Sweet, Sweet Swedes
Neeps, turnips and snaggers - a history of the humble swede
Get the lowdown on this classic winter vegetable from John Richards, Farm Manager at Riverford Organic Farm.
The swede originated in Europe and was used by the Romans, Gauls and Germanic tribes in their stews. Swede is, infact, a large yellow turnip and the name is an abbreviation for ‘Swedish turnip’. It’s known as ‘rutabaga’ in America, ‘neeps’ in Scotland and ‘snaggers’ in North East England!
Swedes are a hardy crop that grow well in cool, moist climates. They grow best in slightly lower fertility soils, as this avoids excessive leafy top growth that can soon lead to a nasty condition called neck rot. At Riverford we grow 9 acres of swede each year producing around 80 tonnes for the veg boxes. It’s best sown as a seed which is drilled in June and quickly covered with Wondermesh. This crop cover is vital to keep out flea beetle and cabbage root fly.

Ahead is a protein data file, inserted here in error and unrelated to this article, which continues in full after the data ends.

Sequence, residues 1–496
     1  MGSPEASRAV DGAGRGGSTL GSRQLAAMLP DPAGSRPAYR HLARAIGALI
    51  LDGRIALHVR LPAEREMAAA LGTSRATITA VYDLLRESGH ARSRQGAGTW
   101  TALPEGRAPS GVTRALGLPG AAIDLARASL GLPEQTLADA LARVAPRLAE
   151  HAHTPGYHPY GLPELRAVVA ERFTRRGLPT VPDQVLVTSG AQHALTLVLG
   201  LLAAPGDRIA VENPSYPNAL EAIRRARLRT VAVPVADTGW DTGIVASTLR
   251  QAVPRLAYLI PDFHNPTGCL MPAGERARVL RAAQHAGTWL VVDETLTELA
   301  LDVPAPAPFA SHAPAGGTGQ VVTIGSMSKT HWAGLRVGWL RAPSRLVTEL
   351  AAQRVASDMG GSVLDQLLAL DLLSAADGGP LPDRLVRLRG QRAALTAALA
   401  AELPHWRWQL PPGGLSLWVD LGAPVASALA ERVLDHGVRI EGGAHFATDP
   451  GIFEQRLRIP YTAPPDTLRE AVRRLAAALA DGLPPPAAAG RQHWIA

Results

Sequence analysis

The other key problem to manage is the condition brown heart, caused by a deficiency of boron in the soil. Boron is needed by the plant to manufacture the cell walls and is easily leached out of the soil by heavy summer rainfall. If not enough is available during periods of rapid growth the cell walls can collapse and this manifests itself as the brown breakdown in the centre of the swede. Fortunately, the Soil Association allow organic growers to spray on natural liquid boron periodically through the season to avoid this.
The main variety we grow is airlie which is ready to harvest from late October. They have a good flavour, with a shape that is slightly pointier at the bottom and seem to be less susceptible to brown heart than other varieties of swede we’ve tried.
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